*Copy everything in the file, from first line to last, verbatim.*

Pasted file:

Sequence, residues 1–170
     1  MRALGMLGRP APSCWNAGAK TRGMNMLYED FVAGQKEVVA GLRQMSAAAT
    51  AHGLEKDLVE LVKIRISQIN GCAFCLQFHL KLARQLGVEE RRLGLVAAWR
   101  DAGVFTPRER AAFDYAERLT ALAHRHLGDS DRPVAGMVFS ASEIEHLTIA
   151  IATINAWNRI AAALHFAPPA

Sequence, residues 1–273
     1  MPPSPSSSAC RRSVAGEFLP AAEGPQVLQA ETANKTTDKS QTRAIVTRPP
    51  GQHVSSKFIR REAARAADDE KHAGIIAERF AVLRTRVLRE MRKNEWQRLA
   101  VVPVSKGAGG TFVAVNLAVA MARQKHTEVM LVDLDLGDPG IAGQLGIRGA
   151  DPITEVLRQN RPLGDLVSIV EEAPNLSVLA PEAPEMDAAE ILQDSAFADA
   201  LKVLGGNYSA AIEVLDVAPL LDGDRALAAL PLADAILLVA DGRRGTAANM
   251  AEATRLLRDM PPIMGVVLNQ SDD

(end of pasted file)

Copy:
Sequence, residues 1–170
     1  MRALGMLGRP APSCWNAGAK TRGMNMLYED FVAGQKEVVA GLRQMSAAAT
    51  AHGLEKDLVE LVKIRISQIN GCAFCLQFHL KLARQLGVEE RRLGLVAAWR
   101  DAGVFTPRER AAFDYAERLT ALAHRHLGDS DRPVAGMVFS ASEIEHLTIA
   151  IATINAWNRI AAALHFAPPA

Sequence, residues 1–273
     1  MPPSPSSSAC RRSVAGEFLP AAEGPQVLQA ETANKTTDKS QTRAIVTRPP
    51  GQHVSSKFIR REAARAADDE KHAGIIAERF AVLRTRVLRE MRKNEWQRLA
   101  VVPVSKGAGG TFVAVNLAVA MARQKHTEVM LVDLDLGDPG IAGQLGIRGA
   151  DPITEVLRQN RPLGDLVSIV EEAPNLSVLA PEAPEMDAAE ILQDSAFADA
   201  LKVLGGNYSA AIEVLDVAPL LDGDRALAAL PLADAILLVA DGRRGTAANM
   251  AEATRLLRDM PPIMGVVLNQ SDD